Our second summer at Sam’s house was mostly enjoyable, but there were some storm clouds looming. Primarily, the mountain began chewing up our vehicles. First, my old PT Cruiser simply could not handle the mountainous 1:20 drive to and from work each day in Lexington, and one day, she just gave up the ghost.
Having limited funds precluded us from obtaining a more reliable vehicle, so we began a downward spiral of desperately-purchased, poorly maintained used cars which promptly all died in various spectacular ways. In that last year at Sam’s we went through a total of SIX vehicles.
Finally, with no other options, I was regretfully forced to terminate my employment at the hospital. This left us with Jenny and Justin working at the closest jobs possible at a factory down in Stanton, and I began a new chapter as a stay-at-home homeschooling Grandma. We had one vehicle for seven people and some very meager income. To say we were struggling would be an understatement.
Losing Our Beautiful Mountain Home
Of course, at this point, purchasing Sam’s property as originally intended was simply not going to happen. It was in the fall that Sam put the property on the market. In short order, a wealthy South African gentleman expressed interest. The realtor arranged a walkthrough of the home. It was understood by all that we would be able to remain on the property as renters if he decided to purchase it.
Appalachian Kentucky has animals (and some people!) that wish to do you harm. Like many rural families, we kept firearms for sport and protection. So right around Thanksgiving, the walkthrough was scheduled and the couple came and looked at the house.
Shortly after, we heard from Sam. The South African gentleman was going to purchase the property; however, there was a change in plans: Because they saw our firearms, they no longer wished for us to continue renting there. No negotiations, no compromises. You have a month to get out. Merry Christmas!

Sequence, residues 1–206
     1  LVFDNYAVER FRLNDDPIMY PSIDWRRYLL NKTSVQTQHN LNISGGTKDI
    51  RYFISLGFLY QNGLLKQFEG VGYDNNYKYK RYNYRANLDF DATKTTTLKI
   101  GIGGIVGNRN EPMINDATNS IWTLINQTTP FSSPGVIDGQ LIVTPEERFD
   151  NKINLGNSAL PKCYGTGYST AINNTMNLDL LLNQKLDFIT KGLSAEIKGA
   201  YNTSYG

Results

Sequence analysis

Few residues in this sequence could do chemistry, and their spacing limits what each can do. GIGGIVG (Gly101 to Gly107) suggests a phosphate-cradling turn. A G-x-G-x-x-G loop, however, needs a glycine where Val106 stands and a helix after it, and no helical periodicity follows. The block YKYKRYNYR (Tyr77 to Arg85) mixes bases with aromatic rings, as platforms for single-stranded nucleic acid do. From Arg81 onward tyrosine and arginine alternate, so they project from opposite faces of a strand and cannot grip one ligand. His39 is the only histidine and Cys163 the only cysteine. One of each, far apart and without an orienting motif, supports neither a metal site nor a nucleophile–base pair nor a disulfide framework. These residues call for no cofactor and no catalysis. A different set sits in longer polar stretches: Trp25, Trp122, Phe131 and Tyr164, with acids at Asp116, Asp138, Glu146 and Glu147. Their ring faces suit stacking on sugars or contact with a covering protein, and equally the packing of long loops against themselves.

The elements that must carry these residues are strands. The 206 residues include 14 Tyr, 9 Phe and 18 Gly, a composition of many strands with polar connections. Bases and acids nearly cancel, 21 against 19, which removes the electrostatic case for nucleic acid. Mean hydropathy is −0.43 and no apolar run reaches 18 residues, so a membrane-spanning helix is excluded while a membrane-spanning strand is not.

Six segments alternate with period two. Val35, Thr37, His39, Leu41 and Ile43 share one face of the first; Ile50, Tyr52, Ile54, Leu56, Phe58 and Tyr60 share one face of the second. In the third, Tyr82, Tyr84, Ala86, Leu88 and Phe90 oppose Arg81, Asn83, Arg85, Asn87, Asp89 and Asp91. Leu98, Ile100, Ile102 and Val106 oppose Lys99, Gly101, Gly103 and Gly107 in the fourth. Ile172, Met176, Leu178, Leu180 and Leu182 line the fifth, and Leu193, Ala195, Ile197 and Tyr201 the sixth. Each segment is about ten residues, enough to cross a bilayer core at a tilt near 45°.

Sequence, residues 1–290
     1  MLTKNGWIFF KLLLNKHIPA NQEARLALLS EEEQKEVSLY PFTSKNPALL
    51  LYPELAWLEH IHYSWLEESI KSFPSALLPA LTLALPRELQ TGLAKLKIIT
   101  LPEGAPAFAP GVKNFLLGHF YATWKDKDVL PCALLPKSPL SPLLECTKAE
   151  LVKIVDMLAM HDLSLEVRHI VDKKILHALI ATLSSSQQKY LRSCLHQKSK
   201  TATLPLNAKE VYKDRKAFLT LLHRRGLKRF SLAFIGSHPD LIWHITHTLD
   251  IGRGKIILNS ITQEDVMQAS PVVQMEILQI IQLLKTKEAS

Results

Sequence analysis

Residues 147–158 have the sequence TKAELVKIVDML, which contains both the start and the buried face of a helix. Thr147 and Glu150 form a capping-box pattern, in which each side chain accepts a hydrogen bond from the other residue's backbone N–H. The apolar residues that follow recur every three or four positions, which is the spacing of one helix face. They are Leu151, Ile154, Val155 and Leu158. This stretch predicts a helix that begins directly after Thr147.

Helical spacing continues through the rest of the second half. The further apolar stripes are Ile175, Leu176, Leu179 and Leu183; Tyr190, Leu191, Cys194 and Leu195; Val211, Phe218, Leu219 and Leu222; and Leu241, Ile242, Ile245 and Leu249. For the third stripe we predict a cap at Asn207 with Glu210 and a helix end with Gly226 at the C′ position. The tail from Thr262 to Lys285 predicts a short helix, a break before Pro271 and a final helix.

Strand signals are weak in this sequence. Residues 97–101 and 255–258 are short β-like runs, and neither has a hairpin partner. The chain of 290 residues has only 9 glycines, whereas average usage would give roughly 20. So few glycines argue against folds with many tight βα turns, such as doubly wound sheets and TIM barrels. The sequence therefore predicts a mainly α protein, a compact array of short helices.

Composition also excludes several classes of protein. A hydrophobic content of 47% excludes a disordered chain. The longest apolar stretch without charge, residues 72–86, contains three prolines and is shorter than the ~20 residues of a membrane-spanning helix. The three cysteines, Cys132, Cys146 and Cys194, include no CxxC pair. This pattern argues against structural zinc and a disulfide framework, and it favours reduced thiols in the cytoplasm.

At this time, we had seven people, three horses and a colt, a cow and a calf, and dogs. So very many dogs, including one with a brand new litter of puppies! We also had no money at all for a security deposit nor for a U-Haul.
By this time, however, a few of the locals had somewhat accepted us and were a little bit more helpful to us in finding a rental on the mountain. We were introduced to Jackie and his wife Johanna, who lived in a nice home on Watson’s Ridge. Jackie had his old family home on the mountain, about a mile from Sam’s. We explained our situation to him, and he agreed to let us stay there with one caveat. The house had been vacant for years and was not only filthy, but mildew had permeated everything. In lieu of a security deposit, we were to clean the house.
It was not the most ideal situation for us; the driveway was treacherous, steep, and impassable during ice storms, and the house was precariously situated on a gigantic sinkhole over an underground reservoir. However, there was room for people and animals and we were not going to be homeless on a remote Kentucky mountain in the winter.
So the rush was on. Our entire family spent a full week, including all Christmas Eve and Christmas Day, with buckets of bleach water, mops, and rags scrubbing away the grime, filth, and mildew that covered every square inch of this cold, desolate home. One bathroom was so moldy and decaying as to be unusable, and we simply kept that door closed for our entire stay there. Bedrooms were filled with debris, which all needed to be bagged and taken to the dump.
And so, for the second time in my life, I moved house on New Years’ Day…
Next: The Great Kentucky Adventure Vol 3, Part 1: Ice Follies
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